There’s no doubt that Sabra Serino, soon to graduate from the Ingram School of Engineering, drew some initial inspiration for her field of study from her mother, who contracted helicopter repairs for the navy and army. Spend any time with Serino, though, and you’ll soon realize she isn’t following in anyone’s footsteps. She is a leader, and her composure and determination, both already highly polished at age 23, demonstrate the strength of her commitment to a future in the steel industry. With the help of role models and mentors she found at Texas State, Serino has created a pathway to a promising career that is unquestionably her own.
She started by creating her own opportunities. During her freshman year, she responded to a student technician job posting for the Department of Engineering Technology. Her enthusiasm landed her the job, and what she saw during her first week on the job got her fired up.
“I helped out with a foundry pour,” says Serino. “There’s something about molten metal being poured into a casting, sparks flying, heat … everything immediately grabbed me, and I knew right then that’s what I wanted to do for the rest of my life.”
It is more than her own passion that validates that she’s on the right track. Firstly, there is the support of the company that has provided her with practical experience — Commercial Metals Company in Seguin, Texas — where she has excelled as a steelmaking-process engineering intern. Years in advance of graduation, Serino received full-time job offers from employers eager to put her talent to work. Her academic research, funded in part by the Association for Iron and Steel Technology, Commercial Metals Company, and the Texas Chapter of the American Foundry Society, has been published in multiple industry journals with co-author Dr. Laura Bartlett, who has mentored Serino in her role as an undergraduate research assistant in the Department of Engineering Technology since her sophomore year. Recently, Serino took top honors in the Undergraduate Student Project Presentation Contest at the annual Association for Iron and Steel Technology (AIST) Conference, which was held in Cleveland, Ohio, where she was one of only eight students selected from around the world to compete. The feedback on her presentation from industry leaders was as valuable to her as her cash prize, says Serino.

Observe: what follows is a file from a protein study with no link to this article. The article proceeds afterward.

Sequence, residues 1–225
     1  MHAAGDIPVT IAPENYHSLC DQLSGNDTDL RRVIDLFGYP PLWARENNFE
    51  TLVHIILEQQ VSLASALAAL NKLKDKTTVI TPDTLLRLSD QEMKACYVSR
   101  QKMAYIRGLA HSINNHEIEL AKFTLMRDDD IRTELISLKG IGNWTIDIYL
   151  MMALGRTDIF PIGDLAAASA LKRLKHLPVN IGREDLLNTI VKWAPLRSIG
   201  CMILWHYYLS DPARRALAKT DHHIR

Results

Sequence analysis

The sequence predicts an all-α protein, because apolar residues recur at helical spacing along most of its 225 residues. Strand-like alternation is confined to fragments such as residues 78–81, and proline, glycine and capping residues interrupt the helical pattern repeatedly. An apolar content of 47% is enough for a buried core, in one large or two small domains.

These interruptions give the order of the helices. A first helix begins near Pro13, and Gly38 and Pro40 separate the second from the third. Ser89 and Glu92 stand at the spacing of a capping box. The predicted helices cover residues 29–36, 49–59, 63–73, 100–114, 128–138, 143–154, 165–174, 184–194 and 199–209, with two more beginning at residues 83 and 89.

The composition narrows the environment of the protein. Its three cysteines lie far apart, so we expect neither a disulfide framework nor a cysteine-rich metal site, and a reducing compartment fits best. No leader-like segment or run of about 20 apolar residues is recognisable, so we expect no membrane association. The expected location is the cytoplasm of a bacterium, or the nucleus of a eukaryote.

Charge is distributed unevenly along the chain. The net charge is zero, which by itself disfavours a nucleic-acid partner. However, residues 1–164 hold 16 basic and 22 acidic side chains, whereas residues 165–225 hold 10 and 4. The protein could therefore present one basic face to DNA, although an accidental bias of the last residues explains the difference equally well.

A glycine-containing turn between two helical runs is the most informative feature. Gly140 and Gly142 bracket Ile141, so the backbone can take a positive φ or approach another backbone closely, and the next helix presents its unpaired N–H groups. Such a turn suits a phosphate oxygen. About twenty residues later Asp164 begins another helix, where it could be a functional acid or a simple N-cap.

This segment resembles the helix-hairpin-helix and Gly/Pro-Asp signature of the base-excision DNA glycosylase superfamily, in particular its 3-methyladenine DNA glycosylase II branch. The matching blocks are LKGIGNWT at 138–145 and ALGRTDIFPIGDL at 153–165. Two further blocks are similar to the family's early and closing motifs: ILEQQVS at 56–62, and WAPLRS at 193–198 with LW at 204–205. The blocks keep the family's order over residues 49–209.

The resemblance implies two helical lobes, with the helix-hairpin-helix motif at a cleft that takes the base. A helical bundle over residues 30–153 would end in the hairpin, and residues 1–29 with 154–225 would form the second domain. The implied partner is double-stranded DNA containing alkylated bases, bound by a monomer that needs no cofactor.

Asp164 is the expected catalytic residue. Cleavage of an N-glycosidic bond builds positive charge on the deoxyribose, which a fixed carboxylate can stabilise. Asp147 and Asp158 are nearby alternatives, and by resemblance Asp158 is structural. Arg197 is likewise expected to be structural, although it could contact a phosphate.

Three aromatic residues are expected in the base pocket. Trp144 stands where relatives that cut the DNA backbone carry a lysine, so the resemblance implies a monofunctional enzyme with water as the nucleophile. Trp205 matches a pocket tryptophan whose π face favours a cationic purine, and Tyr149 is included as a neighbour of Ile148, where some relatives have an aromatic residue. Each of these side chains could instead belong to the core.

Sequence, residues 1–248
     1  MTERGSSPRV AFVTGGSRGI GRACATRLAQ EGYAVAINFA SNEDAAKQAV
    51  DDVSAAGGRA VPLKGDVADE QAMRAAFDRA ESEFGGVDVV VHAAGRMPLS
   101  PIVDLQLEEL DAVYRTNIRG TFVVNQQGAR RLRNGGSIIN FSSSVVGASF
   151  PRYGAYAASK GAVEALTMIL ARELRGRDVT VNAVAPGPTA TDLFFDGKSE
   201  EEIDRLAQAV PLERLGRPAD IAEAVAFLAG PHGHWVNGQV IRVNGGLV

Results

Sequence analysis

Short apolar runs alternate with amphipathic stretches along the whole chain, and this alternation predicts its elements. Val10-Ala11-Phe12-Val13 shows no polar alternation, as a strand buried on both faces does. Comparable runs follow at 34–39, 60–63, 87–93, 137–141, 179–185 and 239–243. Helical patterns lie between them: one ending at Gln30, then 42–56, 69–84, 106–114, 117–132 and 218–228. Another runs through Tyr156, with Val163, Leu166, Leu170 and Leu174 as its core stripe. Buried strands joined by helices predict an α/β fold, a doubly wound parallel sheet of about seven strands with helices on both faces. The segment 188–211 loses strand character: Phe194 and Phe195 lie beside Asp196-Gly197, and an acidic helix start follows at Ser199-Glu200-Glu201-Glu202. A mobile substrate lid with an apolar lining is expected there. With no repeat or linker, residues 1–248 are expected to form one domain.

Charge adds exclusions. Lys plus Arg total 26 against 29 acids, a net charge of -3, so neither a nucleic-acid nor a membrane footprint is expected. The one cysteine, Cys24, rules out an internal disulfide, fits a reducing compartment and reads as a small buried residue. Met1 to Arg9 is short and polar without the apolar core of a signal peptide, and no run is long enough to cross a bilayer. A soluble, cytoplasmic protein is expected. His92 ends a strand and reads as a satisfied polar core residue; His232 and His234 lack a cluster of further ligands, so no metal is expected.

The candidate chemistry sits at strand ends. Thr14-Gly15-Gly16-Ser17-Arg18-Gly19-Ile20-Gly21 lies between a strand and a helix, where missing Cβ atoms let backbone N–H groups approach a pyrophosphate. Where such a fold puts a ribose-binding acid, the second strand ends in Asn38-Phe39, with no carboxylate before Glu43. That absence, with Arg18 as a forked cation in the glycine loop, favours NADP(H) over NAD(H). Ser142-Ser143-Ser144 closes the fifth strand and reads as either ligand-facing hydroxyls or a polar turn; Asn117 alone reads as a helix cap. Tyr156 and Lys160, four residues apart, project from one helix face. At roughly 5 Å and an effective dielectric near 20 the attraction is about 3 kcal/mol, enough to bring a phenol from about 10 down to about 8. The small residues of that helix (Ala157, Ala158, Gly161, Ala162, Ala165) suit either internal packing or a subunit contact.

“Getting positive and constructive feedback on what improvements I can make will really help me in the future, because that wasn’t the last time I’ll be on an international platform. I can guarantee you that,” she says.
All of these accolades have come as the result of hard work. In addition to her studies, Serino is also a member of several professional and service organizations, such as the Society of Manufacturing Engineers and Texas Graduate S.T.E.M. Ambassadors, and is secretary of the Texas State student chapter of the American Foundry Society. She is also chair of the newly founded student chapter of the Association for Iron and Steel Technology and Material Advantage at Texas State.
Undoubtedly, the energy she has for all these extracurricular activities stems from her enthusiasm. “Once you find something you’re passionate about it, it’s a feeling you can’t shake. I love what I do,” says Serino.